Maize growers should focus much more on choosing varieties for specific locations rather than using regional averages, suggest recent trials.
Analysis of data from more than 50 sites covering the whole of the UK’s maize growing area shows clearly varieties responding differently to individual micro-climates, says Grainseed’s James Todd.
“We’ve found ultra early group 10 varieties, which are best suited to more northerly locations, performing really well in more exposed locations in Devon, for example, and the later maturing Group 8 varieties taking top spot in the better areas of Yorkshire,” he explains.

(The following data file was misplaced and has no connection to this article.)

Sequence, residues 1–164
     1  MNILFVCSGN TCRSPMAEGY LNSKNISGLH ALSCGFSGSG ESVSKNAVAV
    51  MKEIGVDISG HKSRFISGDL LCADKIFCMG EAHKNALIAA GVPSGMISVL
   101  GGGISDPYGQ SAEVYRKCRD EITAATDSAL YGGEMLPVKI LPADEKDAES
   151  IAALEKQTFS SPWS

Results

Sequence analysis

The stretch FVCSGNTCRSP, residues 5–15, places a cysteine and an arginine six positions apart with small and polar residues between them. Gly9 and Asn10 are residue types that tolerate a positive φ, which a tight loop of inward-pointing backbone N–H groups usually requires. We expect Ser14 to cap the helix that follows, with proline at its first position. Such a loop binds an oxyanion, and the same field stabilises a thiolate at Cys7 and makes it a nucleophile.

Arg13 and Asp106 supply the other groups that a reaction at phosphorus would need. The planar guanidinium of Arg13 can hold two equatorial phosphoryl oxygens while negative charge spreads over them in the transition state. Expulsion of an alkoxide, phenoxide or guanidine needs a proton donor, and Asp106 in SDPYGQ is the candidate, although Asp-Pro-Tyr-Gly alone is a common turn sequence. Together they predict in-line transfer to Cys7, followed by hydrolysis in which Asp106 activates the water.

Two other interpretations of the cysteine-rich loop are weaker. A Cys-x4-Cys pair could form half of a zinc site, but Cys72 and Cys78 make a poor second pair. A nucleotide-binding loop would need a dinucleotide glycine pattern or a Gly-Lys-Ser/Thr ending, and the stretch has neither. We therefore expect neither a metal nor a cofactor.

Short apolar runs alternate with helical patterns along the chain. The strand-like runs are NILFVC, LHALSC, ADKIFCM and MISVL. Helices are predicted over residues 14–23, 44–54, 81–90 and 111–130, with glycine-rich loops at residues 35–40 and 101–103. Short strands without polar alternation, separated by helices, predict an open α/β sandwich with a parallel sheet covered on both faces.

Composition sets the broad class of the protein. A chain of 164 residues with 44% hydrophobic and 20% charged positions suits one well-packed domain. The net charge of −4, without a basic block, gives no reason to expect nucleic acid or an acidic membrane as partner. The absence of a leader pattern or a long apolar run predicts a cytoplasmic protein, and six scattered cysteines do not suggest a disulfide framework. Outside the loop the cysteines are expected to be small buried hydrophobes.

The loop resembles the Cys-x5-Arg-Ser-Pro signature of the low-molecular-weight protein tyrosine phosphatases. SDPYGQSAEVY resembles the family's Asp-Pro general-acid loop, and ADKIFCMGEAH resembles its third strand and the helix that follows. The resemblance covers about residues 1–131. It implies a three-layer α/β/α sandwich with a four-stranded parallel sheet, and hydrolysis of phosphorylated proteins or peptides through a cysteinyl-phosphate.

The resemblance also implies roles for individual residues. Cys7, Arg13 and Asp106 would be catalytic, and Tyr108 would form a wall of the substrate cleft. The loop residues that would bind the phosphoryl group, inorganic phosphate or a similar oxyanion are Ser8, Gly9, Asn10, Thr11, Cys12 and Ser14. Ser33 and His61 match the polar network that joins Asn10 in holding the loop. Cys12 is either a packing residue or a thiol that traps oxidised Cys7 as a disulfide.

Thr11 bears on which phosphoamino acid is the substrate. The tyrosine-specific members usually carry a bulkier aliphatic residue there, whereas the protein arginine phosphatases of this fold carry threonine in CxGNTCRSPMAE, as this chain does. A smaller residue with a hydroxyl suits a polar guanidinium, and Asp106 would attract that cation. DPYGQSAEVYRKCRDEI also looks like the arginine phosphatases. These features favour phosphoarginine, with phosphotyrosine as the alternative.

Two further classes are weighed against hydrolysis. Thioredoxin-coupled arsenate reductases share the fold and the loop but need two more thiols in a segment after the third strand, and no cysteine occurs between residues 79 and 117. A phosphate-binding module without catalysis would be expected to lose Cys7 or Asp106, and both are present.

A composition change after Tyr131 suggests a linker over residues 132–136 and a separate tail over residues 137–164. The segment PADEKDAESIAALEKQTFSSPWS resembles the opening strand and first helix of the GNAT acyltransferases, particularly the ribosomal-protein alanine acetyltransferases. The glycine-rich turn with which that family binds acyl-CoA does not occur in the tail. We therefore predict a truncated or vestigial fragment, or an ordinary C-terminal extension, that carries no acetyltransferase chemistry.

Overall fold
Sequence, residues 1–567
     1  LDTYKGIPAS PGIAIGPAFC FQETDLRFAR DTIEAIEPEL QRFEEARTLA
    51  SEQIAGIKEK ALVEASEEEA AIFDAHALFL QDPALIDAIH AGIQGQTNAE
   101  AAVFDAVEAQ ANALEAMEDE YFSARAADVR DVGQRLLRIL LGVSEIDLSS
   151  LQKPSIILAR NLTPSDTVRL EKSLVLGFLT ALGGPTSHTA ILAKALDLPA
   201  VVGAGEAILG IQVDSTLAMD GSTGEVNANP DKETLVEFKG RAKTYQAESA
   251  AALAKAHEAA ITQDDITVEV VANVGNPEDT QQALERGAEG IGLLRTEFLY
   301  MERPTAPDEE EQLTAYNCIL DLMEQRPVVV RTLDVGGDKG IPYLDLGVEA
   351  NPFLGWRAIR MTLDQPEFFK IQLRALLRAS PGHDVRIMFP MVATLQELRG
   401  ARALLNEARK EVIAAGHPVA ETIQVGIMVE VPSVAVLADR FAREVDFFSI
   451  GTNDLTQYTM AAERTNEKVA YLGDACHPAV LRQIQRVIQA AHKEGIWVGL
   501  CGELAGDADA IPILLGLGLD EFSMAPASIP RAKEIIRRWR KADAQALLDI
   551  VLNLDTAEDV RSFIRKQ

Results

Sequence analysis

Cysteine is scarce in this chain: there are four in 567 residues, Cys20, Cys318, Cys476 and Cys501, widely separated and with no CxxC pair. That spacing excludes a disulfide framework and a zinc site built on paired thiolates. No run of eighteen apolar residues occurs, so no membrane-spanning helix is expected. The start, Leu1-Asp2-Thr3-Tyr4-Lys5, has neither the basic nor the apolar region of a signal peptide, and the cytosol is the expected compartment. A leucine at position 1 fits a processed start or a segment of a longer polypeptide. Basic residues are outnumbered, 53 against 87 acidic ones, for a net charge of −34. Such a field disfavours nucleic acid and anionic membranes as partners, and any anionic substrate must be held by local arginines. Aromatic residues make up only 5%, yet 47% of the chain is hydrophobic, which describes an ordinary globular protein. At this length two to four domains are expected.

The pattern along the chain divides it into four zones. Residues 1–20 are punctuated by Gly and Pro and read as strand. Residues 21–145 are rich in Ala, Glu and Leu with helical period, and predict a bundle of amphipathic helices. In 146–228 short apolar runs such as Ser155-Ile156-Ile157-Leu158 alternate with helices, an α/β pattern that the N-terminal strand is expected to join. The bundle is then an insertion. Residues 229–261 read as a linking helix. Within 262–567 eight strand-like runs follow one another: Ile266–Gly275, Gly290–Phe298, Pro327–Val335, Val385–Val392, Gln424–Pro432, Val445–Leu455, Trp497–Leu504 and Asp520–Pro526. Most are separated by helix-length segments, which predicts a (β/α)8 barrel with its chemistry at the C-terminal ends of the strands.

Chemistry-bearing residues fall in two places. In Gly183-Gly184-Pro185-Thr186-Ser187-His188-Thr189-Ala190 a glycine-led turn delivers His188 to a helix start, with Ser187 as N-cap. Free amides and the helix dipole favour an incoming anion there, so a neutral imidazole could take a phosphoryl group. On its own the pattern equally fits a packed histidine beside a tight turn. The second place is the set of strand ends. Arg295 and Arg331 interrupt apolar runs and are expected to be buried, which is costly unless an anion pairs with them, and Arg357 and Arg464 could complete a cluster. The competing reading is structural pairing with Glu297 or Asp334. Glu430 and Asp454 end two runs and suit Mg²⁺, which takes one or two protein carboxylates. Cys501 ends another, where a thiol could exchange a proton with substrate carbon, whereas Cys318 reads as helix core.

“It all points to varieties being a lot more responsive to their individual growing environment than many believe.”
Key requirement is for varieties to reach full maturity with maximum starch production rather than reaching the appropriate dry matter through simply drying down after they die, he says.
“We’ve found full maturity in more exposed parts of the South West can be best achieved through growing an earlier variety than the region’s climate may suggest. The best scenario wherever you are is to achieve a green plant with a mature cob at harvest and this is different to focusing purely on dry matter.
Maize Watch: Harvest approaches fast